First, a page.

The LME functions comparable to other commodity futures exchanges. Many participants use LME futures contracts to hedge (part of their) market risk. For instance, producers of nickel typically sell futures short to protect the value of their (expected) production. If the nickel price comes down, they make a profit on their futures position, which compensates for the loss in value of their (yet to be produced) nickel. On the flip side, if prices rise, the increase in value of their nickel will be offset by losses on their futures position. Especially when the actual price of nickel is high, hedging can be extremely attractive for producers. By selling more futures contracts the producer can essentially lock in this price for a larger part of its future production. One of these hedgers is the world’s largest nickel producer, the Tsingshan Holding Group.
On the opposite side of these producers, end-users and processors of nickel may buy futures contracts to hedge their future demand. They protect themselves against future price rises and/or aim to benefit longer from price levels they currently perceive as attractive.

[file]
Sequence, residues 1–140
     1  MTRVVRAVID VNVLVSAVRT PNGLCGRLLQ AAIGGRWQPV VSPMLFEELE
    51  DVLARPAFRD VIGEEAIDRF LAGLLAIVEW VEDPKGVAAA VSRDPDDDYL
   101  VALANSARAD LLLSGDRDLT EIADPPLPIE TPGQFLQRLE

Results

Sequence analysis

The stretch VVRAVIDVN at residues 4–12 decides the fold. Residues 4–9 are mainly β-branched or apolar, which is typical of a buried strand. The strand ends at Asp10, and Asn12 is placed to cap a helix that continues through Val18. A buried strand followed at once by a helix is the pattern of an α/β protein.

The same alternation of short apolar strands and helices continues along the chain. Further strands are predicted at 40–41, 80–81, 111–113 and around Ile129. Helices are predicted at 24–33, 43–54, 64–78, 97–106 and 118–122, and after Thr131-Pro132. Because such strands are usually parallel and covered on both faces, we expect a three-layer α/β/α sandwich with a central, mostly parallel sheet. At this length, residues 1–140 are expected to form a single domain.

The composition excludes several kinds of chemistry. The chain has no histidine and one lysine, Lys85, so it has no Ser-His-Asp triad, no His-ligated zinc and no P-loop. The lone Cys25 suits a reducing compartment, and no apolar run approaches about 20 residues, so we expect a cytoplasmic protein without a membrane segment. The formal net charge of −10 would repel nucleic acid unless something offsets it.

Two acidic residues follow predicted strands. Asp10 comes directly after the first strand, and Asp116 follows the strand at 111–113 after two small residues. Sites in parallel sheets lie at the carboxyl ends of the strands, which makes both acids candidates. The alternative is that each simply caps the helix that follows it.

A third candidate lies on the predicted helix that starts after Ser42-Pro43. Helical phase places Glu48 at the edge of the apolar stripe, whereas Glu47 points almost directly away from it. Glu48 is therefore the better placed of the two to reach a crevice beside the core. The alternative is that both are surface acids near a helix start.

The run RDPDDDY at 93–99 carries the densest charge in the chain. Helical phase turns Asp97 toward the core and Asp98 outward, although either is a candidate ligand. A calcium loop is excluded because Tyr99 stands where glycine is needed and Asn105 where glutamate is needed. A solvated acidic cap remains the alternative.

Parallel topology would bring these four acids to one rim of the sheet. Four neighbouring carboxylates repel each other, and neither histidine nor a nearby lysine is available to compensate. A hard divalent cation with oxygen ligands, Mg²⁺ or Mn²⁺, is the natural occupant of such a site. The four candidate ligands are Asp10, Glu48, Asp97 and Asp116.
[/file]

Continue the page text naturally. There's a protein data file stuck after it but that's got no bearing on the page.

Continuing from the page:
But as is typical for futures markets, the hedgers on the long side and on the short side almost never perfectly match. The sizes they are willing to hedge may not match. Or the moment they are willing to hedge may not match. Or, connected to that, the price level at which they are willing to hedge may not match. Therefore, well-functioning futures markets require the participation of speculators. One of their roles is to carry the market risk that other participants are not willing and/or not able to bear. In exchange, they expect to receive a risk premium. In addition, by buying when they believe the actual price is too low and by selling when they believe it is too high, they can offer liquidity and contribute to the price discovery process.